Who is the most important person in the 19th or 20th century and why?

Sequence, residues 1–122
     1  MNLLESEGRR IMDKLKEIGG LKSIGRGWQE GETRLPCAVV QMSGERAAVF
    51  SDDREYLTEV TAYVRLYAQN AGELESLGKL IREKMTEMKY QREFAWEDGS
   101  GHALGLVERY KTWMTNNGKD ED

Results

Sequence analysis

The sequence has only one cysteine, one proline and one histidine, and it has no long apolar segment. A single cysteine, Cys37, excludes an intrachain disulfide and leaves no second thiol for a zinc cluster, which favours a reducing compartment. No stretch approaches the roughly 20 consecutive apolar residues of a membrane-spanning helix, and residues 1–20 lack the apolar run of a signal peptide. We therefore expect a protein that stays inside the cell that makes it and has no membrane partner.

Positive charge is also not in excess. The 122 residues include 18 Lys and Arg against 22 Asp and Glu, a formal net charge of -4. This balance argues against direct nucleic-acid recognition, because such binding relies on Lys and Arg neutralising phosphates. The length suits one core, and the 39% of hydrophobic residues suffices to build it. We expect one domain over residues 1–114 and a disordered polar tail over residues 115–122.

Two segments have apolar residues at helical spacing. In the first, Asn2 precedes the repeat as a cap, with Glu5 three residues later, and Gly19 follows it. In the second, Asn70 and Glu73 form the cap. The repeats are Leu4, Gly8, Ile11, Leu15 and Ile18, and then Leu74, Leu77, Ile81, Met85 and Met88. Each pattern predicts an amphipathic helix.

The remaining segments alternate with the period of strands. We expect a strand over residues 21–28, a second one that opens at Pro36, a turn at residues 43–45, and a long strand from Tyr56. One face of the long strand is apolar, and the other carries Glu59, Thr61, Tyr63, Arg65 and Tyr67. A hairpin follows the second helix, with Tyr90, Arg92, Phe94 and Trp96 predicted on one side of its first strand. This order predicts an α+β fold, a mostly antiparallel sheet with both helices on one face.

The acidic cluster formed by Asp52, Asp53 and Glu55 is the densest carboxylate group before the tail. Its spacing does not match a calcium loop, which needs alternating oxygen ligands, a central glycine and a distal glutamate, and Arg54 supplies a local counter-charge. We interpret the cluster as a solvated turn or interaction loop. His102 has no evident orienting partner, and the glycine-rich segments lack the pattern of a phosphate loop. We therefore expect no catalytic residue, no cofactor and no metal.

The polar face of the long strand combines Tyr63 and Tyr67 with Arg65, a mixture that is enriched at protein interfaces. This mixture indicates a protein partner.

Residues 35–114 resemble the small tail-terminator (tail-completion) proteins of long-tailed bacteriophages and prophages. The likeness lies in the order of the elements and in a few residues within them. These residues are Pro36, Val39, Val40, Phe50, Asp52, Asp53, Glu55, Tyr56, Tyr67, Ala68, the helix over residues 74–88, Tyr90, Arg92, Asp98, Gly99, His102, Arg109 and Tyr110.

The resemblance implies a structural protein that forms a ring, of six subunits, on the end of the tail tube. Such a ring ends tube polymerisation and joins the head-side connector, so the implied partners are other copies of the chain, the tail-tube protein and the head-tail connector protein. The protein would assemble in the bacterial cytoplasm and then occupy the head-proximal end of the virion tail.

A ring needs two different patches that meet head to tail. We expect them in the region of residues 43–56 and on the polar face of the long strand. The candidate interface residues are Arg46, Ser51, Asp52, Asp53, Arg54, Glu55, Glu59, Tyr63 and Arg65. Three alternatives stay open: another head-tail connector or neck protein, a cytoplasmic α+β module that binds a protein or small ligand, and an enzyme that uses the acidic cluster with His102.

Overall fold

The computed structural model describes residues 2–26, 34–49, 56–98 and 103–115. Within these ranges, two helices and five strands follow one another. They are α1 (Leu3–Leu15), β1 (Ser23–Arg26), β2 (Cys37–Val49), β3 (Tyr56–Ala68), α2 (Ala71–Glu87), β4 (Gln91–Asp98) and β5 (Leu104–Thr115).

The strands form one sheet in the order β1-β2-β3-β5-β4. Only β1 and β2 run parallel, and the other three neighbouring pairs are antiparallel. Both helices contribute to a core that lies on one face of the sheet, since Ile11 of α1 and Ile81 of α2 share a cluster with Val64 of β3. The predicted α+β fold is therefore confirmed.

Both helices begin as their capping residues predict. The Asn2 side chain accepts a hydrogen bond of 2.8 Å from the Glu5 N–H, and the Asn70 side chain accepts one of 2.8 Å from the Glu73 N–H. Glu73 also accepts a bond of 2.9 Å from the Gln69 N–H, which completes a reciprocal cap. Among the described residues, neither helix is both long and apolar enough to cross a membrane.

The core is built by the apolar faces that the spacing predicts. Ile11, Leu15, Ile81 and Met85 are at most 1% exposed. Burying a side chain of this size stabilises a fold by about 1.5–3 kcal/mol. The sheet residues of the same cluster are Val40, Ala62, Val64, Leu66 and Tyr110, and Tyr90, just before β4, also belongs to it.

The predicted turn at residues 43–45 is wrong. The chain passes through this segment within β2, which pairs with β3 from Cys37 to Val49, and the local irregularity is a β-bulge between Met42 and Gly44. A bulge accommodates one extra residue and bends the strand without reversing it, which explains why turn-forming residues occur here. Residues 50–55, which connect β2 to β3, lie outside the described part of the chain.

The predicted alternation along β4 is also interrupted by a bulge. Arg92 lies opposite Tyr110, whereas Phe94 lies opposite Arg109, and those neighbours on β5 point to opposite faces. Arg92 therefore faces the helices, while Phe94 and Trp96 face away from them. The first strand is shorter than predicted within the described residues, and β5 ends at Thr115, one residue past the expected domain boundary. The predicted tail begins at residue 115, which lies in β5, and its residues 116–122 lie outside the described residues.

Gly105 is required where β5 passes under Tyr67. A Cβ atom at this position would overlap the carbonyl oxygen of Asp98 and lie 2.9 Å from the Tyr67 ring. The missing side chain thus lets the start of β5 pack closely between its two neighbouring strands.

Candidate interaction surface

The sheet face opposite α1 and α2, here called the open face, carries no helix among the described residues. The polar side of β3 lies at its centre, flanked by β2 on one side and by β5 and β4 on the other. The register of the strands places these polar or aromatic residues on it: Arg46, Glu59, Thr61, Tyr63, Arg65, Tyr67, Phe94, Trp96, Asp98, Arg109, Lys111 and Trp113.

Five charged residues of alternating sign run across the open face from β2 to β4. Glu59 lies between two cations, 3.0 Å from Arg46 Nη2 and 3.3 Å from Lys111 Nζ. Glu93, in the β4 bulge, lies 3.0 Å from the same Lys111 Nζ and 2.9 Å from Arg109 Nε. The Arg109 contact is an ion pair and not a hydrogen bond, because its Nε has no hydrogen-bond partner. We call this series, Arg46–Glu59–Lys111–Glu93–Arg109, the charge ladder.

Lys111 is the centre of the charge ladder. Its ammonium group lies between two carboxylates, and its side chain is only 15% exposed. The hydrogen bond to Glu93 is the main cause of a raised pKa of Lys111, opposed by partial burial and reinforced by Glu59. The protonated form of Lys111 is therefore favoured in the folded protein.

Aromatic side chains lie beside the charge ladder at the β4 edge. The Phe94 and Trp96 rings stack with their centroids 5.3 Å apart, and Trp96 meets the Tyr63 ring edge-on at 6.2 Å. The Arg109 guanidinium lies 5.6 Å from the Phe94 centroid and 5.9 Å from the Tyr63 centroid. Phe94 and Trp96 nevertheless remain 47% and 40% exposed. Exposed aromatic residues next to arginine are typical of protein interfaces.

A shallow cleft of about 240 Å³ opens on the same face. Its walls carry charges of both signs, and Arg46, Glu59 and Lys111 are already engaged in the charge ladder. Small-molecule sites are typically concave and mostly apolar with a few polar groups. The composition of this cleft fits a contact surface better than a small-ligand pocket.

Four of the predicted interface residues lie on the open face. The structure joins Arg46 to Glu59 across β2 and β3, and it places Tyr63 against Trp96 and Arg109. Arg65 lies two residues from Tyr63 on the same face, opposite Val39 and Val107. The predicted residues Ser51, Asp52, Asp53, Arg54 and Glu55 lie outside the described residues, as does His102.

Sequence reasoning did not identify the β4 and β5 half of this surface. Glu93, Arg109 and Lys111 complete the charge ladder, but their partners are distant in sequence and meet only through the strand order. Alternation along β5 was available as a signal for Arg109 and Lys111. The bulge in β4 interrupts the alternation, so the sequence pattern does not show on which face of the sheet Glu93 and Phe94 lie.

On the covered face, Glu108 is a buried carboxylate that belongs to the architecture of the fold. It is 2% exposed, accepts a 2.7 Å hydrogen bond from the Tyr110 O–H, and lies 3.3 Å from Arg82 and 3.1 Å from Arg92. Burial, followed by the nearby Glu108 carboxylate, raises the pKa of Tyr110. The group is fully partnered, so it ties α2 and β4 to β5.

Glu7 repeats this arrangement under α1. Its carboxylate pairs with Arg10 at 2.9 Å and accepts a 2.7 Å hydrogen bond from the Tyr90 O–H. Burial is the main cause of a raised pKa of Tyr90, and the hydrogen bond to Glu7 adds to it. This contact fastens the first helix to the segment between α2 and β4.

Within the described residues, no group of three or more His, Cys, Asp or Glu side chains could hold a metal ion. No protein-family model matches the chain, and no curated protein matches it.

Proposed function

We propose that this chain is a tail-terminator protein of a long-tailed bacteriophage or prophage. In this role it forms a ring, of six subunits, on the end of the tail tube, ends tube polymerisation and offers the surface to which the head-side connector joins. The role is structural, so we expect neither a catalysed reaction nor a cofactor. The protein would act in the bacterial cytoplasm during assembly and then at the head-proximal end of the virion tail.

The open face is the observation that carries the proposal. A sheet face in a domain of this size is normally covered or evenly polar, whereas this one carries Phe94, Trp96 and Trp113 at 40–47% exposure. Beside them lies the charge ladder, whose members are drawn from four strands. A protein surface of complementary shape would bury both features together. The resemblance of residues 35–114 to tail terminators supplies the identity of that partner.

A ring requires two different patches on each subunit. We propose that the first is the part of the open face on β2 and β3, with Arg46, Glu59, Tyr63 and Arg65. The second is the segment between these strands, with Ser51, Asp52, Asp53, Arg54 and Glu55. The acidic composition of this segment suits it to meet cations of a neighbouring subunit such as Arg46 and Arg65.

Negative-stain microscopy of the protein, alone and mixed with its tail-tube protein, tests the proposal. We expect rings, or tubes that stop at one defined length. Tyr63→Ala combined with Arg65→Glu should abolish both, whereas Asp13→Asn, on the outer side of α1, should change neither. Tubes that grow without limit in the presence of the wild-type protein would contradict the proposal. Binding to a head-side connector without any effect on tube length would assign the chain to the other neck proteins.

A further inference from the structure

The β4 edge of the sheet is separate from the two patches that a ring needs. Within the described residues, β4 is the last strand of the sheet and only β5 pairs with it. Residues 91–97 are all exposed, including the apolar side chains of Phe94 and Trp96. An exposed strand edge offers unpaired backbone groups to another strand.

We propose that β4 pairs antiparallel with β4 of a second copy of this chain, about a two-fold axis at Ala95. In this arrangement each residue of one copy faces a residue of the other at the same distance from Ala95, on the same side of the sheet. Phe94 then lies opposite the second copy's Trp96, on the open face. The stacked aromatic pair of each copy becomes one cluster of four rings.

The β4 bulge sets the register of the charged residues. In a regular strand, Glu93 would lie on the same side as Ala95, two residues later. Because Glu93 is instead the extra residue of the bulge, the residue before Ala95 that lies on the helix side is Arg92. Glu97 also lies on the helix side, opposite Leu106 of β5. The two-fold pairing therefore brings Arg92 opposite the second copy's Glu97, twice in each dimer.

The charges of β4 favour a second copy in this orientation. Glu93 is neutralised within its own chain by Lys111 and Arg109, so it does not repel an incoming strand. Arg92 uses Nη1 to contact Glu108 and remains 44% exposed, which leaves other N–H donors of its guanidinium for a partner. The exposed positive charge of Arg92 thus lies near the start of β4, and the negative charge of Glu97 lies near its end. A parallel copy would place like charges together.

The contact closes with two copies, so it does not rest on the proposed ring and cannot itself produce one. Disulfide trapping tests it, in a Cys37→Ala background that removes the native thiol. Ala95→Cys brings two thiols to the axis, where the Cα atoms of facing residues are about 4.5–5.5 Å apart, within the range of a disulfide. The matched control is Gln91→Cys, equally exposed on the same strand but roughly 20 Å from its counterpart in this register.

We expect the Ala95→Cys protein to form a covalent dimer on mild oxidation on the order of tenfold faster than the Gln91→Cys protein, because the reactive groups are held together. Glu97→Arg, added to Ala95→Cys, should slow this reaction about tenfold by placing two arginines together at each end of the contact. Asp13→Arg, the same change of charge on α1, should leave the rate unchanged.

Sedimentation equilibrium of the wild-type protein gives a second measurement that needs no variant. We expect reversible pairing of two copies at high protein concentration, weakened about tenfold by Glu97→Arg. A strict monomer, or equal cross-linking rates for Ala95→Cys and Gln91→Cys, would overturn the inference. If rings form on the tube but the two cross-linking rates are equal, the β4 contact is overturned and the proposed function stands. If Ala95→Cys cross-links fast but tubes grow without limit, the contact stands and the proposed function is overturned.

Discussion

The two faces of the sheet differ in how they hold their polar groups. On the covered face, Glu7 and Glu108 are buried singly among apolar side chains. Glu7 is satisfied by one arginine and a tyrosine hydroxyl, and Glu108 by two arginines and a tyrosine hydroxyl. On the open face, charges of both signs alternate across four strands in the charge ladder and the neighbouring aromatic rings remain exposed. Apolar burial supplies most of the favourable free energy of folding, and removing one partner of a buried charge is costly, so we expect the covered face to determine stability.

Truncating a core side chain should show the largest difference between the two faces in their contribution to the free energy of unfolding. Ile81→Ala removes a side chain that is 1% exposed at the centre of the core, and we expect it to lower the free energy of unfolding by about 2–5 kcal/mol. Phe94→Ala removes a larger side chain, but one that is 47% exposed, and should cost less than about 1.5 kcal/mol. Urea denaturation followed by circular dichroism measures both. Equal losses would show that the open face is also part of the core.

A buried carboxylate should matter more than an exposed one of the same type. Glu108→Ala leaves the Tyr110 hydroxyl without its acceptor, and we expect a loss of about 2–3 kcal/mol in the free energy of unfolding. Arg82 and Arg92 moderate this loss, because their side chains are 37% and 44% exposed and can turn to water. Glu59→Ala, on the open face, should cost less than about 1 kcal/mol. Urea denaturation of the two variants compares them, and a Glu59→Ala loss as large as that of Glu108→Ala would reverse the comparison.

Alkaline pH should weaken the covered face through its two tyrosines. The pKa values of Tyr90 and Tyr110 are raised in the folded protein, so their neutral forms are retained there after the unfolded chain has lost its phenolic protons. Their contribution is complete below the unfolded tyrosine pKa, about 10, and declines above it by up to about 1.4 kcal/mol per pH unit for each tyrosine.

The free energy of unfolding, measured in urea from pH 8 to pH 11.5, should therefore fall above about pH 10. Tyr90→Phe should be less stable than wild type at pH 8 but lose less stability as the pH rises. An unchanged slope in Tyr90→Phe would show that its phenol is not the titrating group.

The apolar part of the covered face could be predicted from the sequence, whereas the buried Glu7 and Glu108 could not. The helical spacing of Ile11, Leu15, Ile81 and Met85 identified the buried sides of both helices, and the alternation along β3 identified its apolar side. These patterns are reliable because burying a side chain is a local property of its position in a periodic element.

I remember the smile on his face. My father had been stressed for eight years, and I didn’t think I’d ever see that smile again. It was an exuberant smile-one that showed a man who was at peace. Even with my father’s reassuring smile, I was terribly tense-I hated needles. But if I wanted to be protected, I’d have to withstand those few seconds of pain. My dad had already tested the vaccine on himself, but now it was time to try it on his own family. Ever since he had begun studying the poliomyelitis virus, he had been unable to sleep. That virus had become the bane of every family-people feared sending their children to school because they might contract the disease. Sometimes polio was lethal, but because it attacked the central nervous system, even those who recovered were often paralyzed. It was a grim choice – death or paralysis – but my father said he could stop it. I remember him looking at us one evening during dinner and asking, “What would you say if I told you that I think I know how to stop polio?” We all looked back at him blankly. Finally, mother replied, “Mr. Jonas Salk! Never say things like that unless you mean it. Do you mean it?” He nodded. We knew he was serious, and my mother whispered something about him becoming a hero. But really, my father isn’t one to care about being called a hero. He simply cares about people, and wants to help them whether he receives recognition or not. The needle hurt as it dug into my skin, but within moments it was all over. It seemed unreal that such a brief surge of pain would prevent me from profound suffering, and perhaps death. I never once doubted my father. He had gone against the traditional way of thinking: that a body can only become immune to a virus once a mild form of the live virus infects it. The most important discoveries come from going against the traditional way of thinking, and that is exactly what my dad did. He killed the virus, but kept it intact enough so that the body would be able to recognize it and build an immunity against it. He became a hero on April 12, 1955, the day that the polio vaccine was declared safe and effective. Soon everyone at school was getting vaccinated. Whether he wanted it or not, he was a savior. Polio had met its match. All my father’s research paid off, and he became an icon in the field of science. I hope that one day I will be like him: he not only saved hundreds of thousands of lives, but did so with a caring heart. It is 1992. Last year, there was only one case of polio reported in the entire United States. Families all over the country love my father for having come to their aid and for saving their beloved children from the nefarious disease. My father could have made a fortune from patenting the vaccine, but as he famously stated, “Who owns my polio vaccine? The people! Could you patent the sun?”